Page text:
• Weekly Blog,  Writing & Publishing

    7 Quick Thoughts on FSF’s Overlooked ‘Beautiful and Damned’

    Fitzgerald’s second novel slipped through the cracks— but led to brilliance ahead 2nd month of F. Scott Fitzgerald reading challenge, 2nd novel, The Beautiful and Damned (1922) Yes, F. Scott Fitzgerald wrote a novel with a soap opera title, The Beautiful and Damned. (It’s not a soap opera, though I suspect more than a few in 1922 were surprised to see “Damned” in a title.) Didn’t know of this book? I suspect most of us at least know OF the legendary writer’s startling debut (This Side of Paradise), obviously we know of his classic and near-classics (novels 3 and 4, The Great Gatsby and Tender Is the Night, respectively), and…

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  • Weekly Blog,  Writing & Publishing

    4 Thoughts as Fitzgerald’s “Paradise” Turns 100

    A first novel still perplexing and astonishing— and even prescient 1st month of F. Scott Fitzgerald reading challenge, 1st novel, This Side of Paradise (1920) “Amory Blaine inherited from his mother every trait, except the stray inexpressible few, that made him worth while,” begins This Side of Paradise, and we are off and running. Paradise turns 100 this year and, not surprisingly, this calls for a new “Collector’s Edition” of F. Scott’s Fitzgerald’s first and indeed all his five novels (well, 4½) by his old publisher Scribner, now part of Simon & Schuster. The 100th anniversary of a great author’s first work is certainly cause for celebration, though it seems…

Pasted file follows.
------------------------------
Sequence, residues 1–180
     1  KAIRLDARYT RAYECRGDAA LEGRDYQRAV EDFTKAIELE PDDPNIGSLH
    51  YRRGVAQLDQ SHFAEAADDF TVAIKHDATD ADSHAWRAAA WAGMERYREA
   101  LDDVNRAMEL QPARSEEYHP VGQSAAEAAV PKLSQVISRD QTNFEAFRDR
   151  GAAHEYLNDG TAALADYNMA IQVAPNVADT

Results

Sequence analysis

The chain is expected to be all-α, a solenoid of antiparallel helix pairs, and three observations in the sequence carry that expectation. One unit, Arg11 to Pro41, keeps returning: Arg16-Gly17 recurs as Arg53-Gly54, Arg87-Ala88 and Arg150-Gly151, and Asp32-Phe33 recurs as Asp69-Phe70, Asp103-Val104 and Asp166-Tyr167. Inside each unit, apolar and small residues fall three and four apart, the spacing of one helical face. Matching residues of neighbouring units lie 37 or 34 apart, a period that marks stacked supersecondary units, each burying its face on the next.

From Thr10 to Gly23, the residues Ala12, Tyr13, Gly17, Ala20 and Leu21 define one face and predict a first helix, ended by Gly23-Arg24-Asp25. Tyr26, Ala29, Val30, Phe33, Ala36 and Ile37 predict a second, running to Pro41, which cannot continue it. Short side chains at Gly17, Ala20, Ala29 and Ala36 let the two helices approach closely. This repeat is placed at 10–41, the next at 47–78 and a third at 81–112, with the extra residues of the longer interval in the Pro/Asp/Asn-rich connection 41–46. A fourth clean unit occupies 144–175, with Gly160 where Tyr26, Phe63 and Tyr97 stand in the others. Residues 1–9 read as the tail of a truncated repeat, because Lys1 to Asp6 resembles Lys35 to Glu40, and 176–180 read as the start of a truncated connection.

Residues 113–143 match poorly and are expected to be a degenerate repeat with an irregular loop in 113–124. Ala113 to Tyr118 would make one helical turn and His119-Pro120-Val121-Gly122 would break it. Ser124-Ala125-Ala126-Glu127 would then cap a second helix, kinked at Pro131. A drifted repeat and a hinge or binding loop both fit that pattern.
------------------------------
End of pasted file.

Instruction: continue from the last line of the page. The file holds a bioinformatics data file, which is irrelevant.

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  • Weekly Blog,  Writing & Publishing

    Book Signings in the Age of Covid

    Yesterday I was to have a book signing of Hatteras Island at a local Barnes & Noble. Late September signings are fun. They bring in a lot of people, for sales and also conversation, now that summer is winding down. Earlier this month it was canceled, though, “due to covid 19,” said the email, which added: “We are not sure when we will be able to host events again at this time.” Join the crowd. Last month, I lost an Outer Banks bookstore signing. Then four days ago came word that the large, 4-1/2-day Bizarre Bazaar Christmas show in Richmond officially was off this year. For the first year since…

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    ‘Saps’ Remembered

    Today’s page of tributes for the late, great Bill Millsaps Today’s Richmond Times-Dispatch has a fine page of tributes from some who worked for the late, great Bill Millsaps, the legendary sports editor who became managing editor, then executive editor. He died late Friday at 77. Here’s mine (you can see the whole page below): Some in the news department looked down on sports writers, confiding condescendingly that they worked in “the toy department.” Saps dissuaded the bigots. For one thing, the guy could write. Sheesh, could he write. Beautiful, straightforward, non-pretentious prose that told the story precisely and artfully. But he would prove at least as valuable as a…